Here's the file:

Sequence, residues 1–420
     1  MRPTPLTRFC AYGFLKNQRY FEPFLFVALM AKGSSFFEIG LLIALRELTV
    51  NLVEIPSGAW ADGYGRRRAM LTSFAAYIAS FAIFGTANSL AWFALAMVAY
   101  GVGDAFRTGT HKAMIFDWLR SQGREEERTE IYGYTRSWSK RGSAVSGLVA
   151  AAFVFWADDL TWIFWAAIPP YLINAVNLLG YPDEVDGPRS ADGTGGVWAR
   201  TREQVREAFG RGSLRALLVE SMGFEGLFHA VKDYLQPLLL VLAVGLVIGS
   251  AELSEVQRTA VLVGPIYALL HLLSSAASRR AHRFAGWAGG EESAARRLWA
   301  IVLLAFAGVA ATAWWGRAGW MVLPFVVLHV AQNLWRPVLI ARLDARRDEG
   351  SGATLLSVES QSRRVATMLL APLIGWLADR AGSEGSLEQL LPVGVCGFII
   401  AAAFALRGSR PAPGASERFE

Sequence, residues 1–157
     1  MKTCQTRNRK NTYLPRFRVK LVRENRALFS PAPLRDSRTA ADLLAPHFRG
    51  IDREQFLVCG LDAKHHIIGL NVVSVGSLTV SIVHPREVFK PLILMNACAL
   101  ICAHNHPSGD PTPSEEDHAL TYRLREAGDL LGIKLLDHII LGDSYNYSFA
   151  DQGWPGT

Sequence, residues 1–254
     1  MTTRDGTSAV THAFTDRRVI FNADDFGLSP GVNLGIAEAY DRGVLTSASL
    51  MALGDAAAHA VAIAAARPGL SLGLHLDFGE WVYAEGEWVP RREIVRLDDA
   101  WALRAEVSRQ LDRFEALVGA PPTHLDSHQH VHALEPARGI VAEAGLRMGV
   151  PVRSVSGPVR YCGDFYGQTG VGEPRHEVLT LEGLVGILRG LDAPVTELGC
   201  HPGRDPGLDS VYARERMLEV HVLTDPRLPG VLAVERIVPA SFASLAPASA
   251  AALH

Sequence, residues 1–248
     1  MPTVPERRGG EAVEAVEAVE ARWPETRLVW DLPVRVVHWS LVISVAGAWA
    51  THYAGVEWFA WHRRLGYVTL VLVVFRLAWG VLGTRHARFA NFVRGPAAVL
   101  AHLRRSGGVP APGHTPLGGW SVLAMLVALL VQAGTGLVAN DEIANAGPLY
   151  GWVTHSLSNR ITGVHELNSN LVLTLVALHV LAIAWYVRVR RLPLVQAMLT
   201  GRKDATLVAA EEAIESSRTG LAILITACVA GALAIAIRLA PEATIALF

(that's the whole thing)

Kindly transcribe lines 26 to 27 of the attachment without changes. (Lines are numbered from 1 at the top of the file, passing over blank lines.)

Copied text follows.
   101  AHLRRSGGVP APGHTPLGGW SVLAMLVALL VQAGTGLVAN DEIANAGPLY
   151  GWVTHSLSNR ITGVHELNSN LVLTLVALHV LAIAWYVRVR RLPLVQAMLT